|Who is it?||Daughter of Steve Jobs|
|Birth Day||May 17, 1978|
|Birth Place||Oregon, United States, United States|
|Age||42 YEARS OLD|
|Other names||Lisa Nicole Brennan-Jobs|
|Alma mater||Harvard University King's College London|
|Parents||Steve Jobs (father) Chrisann Brennan (mother)|
|Relatives||Mona Simpson (aunt) Malek Jandali (first cousin once removed)|
In 1978, Brennan moved to the All One Farm commune to have the baby. Jobs was not present for the baby's birth and only came up three days later after Robert Friedland, the farm's owner and a friend of Jobs' from Reed College, persuaded him to do so. Brennan and Jobs named the baby Lisa. Jobs named the computer project he was working on, the Apple Lisa, after her. Shortly after, Jobs publicly denied that he was the child's father. He claimed that the Apple Lisa was not named for her, and had his team come up with the phrase "Local Integrated Systems Architecture" as an alternative explanation for the project's name. Decades later, Jobs admitted that "obviously, it was named for my daughter."
Jobs, however, publicly denied paternity after she was born, which led to a legal case. Even after a DNA paternity test established him as her father, he continued to deny it. The resolution of the legal case required him to provide Brennan with $385 per month and to reimburse the state for the money she had received from welfare. After Apple went public and Jobs became a millionaire, he increased the payment to $500 a month. Michael Moritz interviewed Jobs, Brennan, and a number of others for the 1982 Time Person of the Year special issue, released on January 3, 1983. In his interview, Jobs questioned the reliability of the paternity test, which had found that the "probability of paternity for Jobs, Steven... is 94.1%". Jobs responded by arguing that "28% of the male population of the United States could be the father." Rather than name him "Person of the Year", as he and many others expected while giving the interviews, the issue was instead titled "Machine of the Year: The Computer Moves In." The thematic change occurred after Moritz heard about Brennan-Jobs as well as Jobs' management style.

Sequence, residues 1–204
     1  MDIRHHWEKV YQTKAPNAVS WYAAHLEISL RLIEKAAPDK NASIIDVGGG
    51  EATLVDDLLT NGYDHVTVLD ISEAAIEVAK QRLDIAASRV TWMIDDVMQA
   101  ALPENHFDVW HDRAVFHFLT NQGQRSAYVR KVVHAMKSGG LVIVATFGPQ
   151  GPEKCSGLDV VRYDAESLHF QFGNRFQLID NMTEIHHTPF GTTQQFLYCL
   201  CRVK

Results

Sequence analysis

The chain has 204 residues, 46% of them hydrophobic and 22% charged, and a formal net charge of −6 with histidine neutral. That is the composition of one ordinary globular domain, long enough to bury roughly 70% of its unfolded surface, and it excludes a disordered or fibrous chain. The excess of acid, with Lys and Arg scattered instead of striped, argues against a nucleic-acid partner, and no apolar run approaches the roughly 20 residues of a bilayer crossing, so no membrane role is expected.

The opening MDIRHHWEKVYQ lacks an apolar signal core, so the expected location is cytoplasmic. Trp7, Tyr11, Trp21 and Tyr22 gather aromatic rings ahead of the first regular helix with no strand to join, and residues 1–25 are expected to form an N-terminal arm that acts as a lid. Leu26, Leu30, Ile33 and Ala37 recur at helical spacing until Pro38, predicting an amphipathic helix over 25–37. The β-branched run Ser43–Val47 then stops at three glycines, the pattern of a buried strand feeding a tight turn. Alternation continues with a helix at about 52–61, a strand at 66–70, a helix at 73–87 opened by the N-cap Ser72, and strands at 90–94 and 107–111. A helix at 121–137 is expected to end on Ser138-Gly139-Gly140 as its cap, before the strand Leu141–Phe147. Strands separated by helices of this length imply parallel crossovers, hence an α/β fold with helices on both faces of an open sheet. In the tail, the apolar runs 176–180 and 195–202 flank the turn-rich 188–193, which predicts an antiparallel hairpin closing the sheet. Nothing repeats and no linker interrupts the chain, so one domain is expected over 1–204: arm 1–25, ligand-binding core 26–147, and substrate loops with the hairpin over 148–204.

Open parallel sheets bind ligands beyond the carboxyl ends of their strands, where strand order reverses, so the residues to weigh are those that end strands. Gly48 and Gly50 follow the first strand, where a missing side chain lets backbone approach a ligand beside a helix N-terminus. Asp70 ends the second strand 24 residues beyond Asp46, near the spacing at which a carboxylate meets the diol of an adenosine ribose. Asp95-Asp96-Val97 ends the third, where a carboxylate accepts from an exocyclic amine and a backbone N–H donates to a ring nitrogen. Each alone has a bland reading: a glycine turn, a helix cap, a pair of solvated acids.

When Brennan-Jobs was living with her mother, she attended The Nueva School. Later, after she moved in with her father, she attended Palo Alto High School. She enrolled at Harvard University in 1996 and studied overseas for one year at King's College London. While a student at Harvard, she wrote for The Harvard Crimson. She graduated in 2000 and subsequently moved to Manhattan to work as a Writer. She has written for The Southwest Review, The Massachusetts Review, The Harvard Advocate, Spiked, Vogue, and O, The Oprah Magazine.
Brennan-Jobs has featured in several biographies of her father, including Walter Isaacson's 2011 authorized biography Steve Jobs. Mona Simpson's 1996 novel A Regular Guy is a fictionalized account based on the story of Brennan-Jobs and her parents. She has been depicted in three biopic films: Brooke Radding portrayed her in the 1999 TNT TV film Pirates of Silicon Valley, while she is played as a child by Ava Acres, and as an adult by Annika Bertea in the 2013 film Jobs. In the 2015 film Steve Jobs, directed by Danny Boyle, Brennan-Jobs is portrayed at different ages by Perla Haney-Jardine, Ripley Sobo, and Makenzie Moss. Steve Jobs Screenwriter Aaron Sorkin said that he discussed the screenplay with Brennan-Jobs in advance and that she is the "heroine of the film".